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D&L sees market starting to recover

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By James A. Loyola

D&L Industries, Inc., the country’s largest specialty foods ingredients, plastics and oleochemicals firm, is spending more on capital expenditures to ramp up its expansion project as it sees recovery in the market and a better performance in 2020.

D&L Industries President and Chief Executive Officer Alvin Lao

D&L Industries President and Chief Executive Officer Alvin Lao

The firm has so far spent ₱1.4 billion from capital expenditures in the first nine months of 2019, triple the ₱456 million spent in the same period last year and it expects to spend about ₱2 billion by the end of the year, mainly for its Batangas expansion.

In a press briefing, D&L President Alvin Lao said “we believe that we are at the bottom of the cycle in terms of net income decline… We’re already seeing signs of our business picking up, especially in the food segment where margins and sales mix are continuing to improve.”

“Our expanded production capacity planned for 2021, with its improved capabilities, will place us in a strong position to increase our value to customers and further expand our export business,” he added.

Lao said their domestic business is seen to start recovering in the fourth quarter although exports may not bounce back as fast.

He said this optimism is due to the continued easing in inflation, the boost in the economy due to lower interest rates and reserve requirements, and the reduction in port congestion.

Also seen to improve their business is the ramping up of government spending, the generally low oil prices and the likely passage of the Corporate Income Tax and Incentive Rationalization Act (CITIRA) bill in the next few months which will address uncertainties faced by D&L’s customers.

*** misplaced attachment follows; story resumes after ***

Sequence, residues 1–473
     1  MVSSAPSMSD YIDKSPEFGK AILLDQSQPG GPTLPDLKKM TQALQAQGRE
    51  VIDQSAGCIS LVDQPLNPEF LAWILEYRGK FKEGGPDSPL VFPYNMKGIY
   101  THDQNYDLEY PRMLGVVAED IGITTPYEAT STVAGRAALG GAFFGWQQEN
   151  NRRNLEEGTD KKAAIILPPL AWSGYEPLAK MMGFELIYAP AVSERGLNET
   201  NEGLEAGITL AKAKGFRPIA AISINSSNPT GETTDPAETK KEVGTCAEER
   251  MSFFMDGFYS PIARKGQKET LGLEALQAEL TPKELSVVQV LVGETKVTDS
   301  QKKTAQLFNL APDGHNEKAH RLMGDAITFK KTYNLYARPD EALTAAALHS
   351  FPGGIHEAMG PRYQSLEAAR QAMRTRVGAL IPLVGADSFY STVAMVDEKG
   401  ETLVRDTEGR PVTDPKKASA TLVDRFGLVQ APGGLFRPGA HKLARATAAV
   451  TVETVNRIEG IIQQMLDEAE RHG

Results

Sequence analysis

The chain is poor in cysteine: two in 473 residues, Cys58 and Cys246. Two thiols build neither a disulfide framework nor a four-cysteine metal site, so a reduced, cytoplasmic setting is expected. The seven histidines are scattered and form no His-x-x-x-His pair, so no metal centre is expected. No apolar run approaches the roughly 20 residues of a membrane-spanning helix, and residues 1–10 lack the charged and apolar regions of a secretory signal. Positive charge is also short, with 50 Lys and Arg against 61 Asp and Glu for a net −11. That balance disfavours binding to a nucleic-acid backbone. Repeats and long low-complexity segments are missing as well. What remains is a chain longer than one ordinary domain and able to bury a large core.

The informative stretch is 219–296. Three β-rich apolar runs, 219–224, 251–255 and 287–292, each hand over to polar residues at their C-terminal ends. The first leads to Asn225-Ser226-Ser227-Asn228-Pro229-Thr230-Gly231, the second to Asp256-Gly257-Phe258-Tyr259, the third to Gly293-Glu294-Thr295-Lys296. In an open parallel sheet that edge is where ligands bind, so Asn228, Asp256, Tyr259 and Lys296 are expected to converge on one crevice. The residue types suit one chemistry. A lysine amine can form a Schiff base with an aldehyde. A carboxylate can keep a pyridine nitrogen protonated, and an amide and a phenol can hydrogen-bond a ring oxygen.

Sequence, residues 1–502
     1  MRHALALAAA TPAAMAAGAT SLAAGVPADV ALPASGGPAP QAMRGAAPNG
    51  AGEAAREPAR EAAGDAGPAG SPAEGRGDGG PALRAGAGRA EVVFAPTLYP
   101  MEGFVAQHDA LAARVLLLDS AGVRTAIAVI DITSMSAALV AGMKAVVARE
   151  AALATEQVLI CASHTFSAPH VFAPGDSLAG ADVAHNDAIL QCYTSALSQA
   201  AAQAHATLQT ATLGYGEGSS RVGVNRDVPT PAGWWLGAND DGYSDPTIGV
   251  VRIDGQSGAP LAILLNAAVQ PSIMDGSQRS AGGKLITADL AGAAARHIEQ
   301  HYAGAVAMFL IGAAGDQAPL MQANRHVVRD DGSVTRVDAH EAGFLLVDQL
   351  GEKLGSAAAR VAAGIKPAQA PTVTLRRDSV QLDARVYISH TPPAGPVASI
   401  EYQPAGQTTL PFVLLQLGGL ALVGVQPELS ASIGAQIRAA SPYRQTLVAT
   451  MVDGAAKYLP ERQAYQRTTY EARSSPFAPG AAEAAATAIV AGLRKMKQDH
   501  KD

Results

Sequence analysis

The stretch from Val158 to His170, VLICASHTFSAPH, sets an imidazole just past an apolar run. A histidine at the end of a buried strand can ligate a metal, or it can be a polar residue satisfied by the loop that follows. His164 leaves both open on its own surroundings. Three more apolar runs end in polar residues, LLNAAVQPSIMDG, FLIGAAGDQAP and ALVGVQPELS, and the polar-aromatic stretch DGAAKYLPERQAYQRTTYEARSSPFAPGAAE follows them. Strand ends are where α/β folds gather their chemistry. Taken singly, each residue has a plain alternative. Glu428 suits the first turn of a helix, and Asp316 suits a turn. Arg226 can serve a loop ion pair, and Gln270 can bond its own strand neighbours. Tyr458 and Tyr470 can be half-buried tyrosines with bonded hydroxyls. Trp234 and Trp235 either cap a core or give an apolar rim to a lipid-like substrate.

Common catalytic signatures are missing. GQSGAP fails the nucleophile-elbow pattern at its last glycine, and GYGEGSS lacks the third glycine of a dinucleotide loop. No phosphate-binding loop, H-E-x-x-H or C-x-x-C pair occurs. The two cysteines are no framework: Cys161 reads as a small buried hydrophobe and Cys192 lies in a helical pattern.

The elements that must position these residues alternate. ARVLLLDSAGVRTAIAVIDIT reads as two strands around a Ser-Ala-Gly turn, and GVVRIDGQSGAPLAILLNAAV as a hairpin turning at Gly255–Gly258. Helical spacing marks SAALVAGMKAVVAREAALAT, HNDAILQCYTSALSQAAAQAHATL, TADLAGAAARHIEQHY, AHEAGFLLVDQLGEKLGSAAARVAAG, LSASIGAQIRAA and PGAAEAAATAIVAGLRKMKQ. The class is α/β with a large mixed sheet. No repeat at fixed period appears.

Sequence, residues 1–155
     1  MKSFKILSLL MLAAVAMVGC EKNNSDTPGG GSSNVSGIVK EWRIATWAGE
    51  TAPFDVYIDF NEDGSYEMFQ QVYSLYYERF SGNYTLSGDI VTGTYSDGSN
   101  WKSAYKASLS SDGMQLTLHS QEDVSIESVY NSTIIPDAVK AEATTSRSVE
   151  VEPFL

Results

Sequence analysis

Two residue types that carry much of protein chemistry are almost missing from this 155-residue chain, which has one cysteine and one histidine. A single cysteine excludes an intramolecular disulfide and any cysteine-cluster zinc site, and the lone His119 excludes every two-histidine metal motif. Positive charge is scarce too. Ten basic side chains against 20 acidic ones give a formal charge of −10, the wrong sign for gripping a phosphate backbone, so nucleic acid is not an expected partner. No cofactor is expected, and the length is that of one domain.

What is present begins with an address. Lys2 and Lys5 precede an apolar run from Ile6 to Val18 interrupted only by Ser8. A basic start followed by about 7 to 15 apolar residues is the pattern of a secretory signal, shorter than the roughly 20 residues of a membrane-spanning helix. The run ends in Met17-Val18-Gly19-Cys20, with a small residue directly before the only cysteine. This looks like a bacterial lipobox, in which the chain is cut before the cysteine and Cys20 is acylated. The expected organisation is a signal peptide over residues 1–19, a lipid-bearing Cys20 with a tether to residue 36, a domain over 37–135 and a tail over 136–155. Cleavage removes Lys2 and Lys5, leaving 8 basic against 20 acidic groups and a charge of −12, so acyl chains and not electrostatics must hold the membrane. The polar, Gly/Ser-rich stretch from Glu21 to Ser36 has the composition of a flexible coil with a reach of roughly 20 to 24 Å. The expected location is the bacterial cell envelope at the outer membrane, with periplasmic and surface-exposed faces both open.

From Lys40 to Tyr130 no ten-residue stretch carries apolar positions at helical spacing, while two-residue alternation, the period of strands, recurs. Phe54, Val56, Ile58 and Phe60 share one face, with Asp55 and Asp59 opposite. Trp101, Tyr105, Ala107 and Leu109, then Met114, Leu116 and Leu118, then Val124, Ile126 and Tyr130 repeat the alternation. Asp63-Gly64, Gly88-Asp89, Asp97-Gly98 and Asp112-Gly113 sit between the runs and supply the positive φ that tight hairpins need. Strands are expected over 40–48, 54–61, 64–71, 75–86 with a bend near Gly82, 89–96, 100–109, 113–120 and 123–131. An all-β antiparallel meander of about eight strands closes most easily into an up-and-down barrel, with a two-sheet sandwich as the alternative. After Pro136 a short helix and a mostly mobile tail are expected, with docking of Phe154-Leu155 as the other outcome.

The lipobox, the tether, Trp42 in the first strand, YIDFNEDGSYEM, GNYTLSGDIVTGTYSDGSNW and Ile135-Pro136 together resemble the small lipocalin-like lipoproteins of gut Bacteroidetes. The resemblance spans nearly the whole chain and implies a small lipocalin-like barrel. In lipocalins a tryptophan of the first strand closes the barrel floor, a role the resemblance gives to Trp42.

Lao noted that, “2019 will mark the first year, since the IPO, in which D&L may post a decline in full-year net income.”

D&L reported that its recurring income reached ₱2.0 billion in the first nine months of 2019, 15 percent lower than last year. In the third quarter alone, net income fell 29 percent to ₱617 million.

Sales dropped 18 percent to ₱16.56 billion in the first nine months of 2019 from ₱20.17 billion in the same period last year.

“The company has faced a challenging environment in 2019, brought on by a confluence of external factors. However, we look forward to focusing our efforts, harnessing the recent gains in sales mix and high margin products as a foundation for long-term growth,” Lao said.

D&L’s third quarter results showed emerging signs of recovery. For instance, total HMSP (High Margin Specialty Products) volume during the period was up 15 percent quarter-on-quarter, coming from a slump in the second quarter of 2019.

The food ingredients business has started to pick up. In the third quarter alone, HMSP food ingredients volume grew by 7 percent y-o-y, coming from a decline of 8 percent y-o-y in the second quarter.

The Specialty Ingredients segment within the food business, which has higher average margins, posted a 39 percent y-o-y increase in volume for the quarter.

The decline in earnings for the period mainly stemmed from the weak performance of the non-food businesses – Chemrez & Specialty Plastics.

These were more closely affected by the lower infrastructure spending due to the delayed passage of the budget, uncertainties in the global trade market due to lingering effects of the trade war, and slowdown in the global auto industry.

“While total government spending reportedly picked up in September this year, it was not enough to reverse the effects of the underspending in the first eight months of the year,” said Lao.
This had a more direct impact on the demand for industrial and construction-related chemicals where Chemrez is currently exposed to, and an indirect impact on general economic activity and consumption.

Meanwhile, the uncertainties brought about by the US-China trade war continue to linger. While D&L does not export US-bound products to China and vice-versa, overall negative sentiment resulted in cautious demand and uncertain projections from customers across various industries regionally and in the Philippines as well.

This has exacerbated the effects of the slowdown in the global auto industry which has put pressure on the company’s specialty plastics business. About half of specialty plastics’ revenues come from export-oriented raw materials used in wire harnesses for automotive applications.

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